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Don’t sleep on fatigue

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Workplace fatigue is an insidious threat, and the scope of an employer’s liability in related injuries is broad. But steps can be taken to mitigate risks. 

There are options available to employers to manage the risks of fatigue in the workplace to satisfy their duty of care and, most importantly, keep people safe at work. 

What is fatigue and why is it an issue in mining?

Simply put, fatigue is a state of cognitive and/or physical exhaustion that reduces a person’s ability to perform their work safely and effectively. 

This can have serious consequences for employer and employee alike, particularly in cases where a worker is required to manage a high-risk situation.

Indeed, a 2007 study published by Caterpillar Global Mining showed that roughly 65 per cent of truck haulage accidents in mining operations are directly related to operator fatigue. 

The national policy body Safe Work has identified shift workers and people who undertake fly-in, fly-out (FIFO) and drive-in, drive-out (DIDO) work – all of which is very common in mining – as among the most at risk of workplace fatigue. 

Some common contributing factors to fatigue include poor quantity or quality of sleep, shift work, long working hours, extended exposure to hazards (such as noise, vibrations, contaminants and loud noises), physically or mentally demanding work tasks, and lack of proper fatigue-management training.

Beyond the mental and physical toll fatigue can take on an employee, the consequences can also have tangible effects on an employer.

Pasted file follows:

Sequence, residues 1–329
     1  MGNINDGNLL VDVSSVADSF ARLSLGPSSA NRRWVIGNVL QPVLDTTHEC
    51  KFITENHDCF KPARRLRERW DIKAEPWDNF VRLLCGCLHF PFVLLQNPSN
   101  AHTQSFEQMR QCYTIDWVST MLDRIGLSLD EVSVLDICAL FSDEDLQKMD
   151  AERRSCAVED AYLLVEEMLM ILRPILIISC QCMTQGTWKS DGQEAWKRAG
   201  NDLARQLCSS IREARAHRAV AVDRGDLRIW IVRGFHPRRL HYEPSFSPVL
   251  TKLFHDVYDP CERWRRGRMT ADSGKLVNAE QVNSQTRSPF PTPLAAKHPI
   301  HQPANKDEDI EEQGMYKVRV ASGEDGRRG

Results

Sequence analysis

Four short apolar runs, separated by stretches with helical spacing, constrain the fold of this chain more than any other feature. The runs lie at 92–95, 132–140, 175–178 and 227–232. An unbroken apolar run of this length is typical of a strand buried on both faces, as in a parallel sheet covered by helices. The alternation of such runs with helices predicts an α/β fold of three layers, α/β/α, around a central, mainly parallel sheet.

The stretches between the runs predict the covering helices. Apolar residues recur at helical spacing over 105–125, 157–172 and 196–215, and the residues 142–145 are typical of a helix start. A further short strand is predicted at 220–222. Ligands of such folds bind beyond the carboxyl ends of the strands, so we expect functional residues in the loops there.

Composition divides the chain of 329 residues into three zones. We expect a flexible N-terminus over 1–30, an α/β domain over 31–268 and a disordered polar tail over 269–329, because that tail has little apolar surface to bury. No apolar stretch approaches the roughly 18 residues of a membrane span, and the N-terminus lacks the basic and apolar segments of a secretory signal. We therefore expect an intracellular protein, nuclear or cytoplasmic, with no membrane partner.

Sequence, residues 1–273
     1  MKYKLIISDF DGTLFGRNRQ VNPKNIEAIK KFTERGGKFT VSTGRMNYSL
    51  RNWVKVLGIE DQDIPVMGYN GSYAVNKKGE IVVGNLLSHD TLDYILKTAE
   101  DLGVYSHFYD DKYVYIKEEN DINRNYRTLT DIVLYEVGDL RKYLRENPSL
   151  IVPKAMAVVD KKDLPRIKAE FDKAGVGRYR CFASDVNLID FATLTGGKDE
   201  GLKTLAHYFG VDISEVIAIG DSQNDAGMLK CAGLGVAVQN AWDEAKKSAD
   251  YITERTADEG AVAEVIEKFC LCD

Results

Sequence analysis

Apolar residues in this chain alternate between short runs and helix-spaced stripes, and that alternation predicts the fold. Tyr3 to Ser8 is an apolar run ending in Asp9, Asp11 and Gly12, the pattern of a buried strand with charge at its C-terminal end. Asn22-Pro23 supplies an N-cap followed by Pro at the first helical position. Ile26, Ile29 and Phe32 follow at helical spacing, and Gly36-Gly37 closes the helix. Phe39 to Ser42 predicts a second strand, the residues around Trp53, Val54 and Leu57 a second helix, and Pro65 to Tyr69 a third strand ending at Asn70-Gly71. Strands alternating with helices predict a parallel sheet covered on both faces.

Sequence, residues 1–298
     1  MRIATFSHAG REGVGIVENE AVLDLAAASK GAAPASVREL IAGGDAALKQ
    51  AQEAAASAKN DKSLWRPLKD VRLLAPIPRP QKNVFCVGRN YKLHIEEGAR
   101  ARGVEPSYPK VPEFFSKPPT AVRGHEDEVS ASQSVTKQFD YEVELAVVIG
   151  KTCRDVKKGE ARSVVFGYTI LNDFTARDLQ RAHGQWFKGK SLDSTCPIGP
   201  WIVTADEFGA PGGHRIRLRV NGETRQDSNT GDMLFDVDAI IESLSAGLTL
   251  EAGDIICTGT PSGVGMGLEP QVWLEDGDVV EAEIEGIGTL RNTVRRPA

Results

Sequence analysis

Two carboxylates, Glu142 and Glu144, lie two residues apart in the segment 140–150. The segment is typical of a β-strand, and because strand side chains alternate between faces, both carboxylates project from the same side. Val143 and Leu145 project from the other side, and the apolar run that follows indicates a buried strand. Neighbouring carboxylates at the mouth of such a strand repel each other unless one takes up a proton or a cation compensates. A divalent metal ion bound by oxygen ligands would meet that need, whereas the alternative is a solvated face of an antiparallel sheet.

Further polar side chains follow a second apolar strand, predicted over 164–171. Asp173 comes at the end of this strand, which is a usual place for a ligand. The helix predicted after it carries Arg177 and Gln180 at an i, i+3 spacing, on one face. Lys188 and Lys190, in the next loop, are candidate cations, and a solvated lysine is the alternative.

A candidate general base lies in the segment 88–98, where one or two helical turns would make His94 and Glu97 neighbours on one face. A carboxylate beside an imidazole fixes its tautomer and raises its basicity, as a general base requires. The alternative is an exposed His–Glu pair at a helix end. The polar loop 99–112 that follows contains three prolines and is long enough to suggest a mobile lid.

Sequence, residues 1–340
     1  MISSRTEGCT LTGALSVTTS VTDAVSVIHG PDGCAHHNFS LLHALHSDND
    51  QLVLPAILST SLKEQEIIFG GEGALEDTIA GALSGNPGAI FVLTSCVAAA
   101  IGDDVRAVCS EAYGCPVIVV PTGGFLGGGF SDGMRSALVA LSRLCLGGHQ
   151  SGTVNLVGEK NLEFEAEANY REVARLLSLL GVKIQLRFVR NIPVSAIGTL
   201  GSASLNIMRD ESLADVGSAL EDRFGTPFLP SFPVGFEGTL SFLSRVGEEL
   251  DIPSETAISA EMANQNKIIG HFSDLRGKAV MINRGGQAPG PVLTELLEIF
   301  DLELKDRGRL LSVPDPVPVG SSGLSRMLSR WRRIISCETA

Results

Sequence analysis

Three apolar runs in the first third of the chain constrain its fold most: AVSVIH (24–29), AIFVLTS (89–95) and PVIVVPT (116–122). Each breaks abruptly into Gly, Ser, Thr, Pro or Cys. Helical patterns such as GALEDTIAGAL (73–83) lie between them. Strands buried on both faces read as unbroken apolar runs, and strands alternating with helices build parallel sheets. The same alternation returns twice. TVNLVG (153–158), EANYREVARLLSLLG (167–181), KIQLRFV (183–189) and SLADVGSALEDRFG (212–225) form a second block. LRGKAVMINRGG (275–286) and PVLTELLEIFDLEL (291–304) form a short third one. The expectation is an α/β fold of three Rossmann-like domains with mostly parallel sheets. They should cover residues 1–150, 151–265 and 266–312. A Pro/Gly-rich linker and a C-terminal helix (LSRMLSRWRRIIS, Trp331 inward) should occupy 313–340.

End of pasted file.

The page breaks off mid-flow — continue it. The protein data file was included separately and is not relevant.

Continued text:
This was exactly what happened in a 2016 case against BM Alliance Coal Operations. The Supreme Court of Queensland ruled that the employer, host employer, and mine operator were jointly liable for $1.2 million after a worker was seriously injured in an incident brought on by fatigue.

As it happens, the accident did not occur at the work site but rather on the employee’s drive home after completing the last of four consecutive night shifts, each for 12 hours. 

The decision to award damages to the plaintiff was made despite the fact there was no contractual provision connecting the plaintiff’s employment with travel to and from work. 

The court nevertheless maintained that the employer’s duty of care extended to the accident on several grounds, most notably that the employers created the risk by requiring the employee to work consecutive 12-hour night shifts, causing inevitable fatigue.

More recently, a 2022 NSW case against Coalroc similarly dealt with a DIDO mining employee who was injured in a car crash on his commute from work. The plaintiff had just completed the last of three 12-hour shifts. 

Like the previous case, the court found that the “work-induced fatigue occasioned by the nature and conditions of the plaintiff’s employment with the company” significantly contributed to his accident. The employer was ordered to pay over $1.1 million in damages.

There are two notable takeaways from these cases. 

Firstly, in the Coalroc case the employer had a fatigue-management procedure in place, which the court noted was a “crucial document” as it demonstrated recognition of the risk of severe fatigue-related injury. Critically, it was the company’s failure to ensure employee compliance with this procedure that contributed to it being found liable.

To be specific, the court found that although the employee failed to submit a personal travel-management plan – as required by the company’s fatigue-management procedure – it was ultimately the employer’s failure to enforce the completion of the document that partly led to it being found liable. Had the travel-management plan been submitted, the risk of fatigue should have been identified and the accident avoided, according to the court. 

Secondly, in both cases an employer’s duty of care was determined to extend beyond the time and place of the work site.

This means the scope of liability in relation to fatigue is considerably broad, calling for a significantly thorough fatigue-management plan.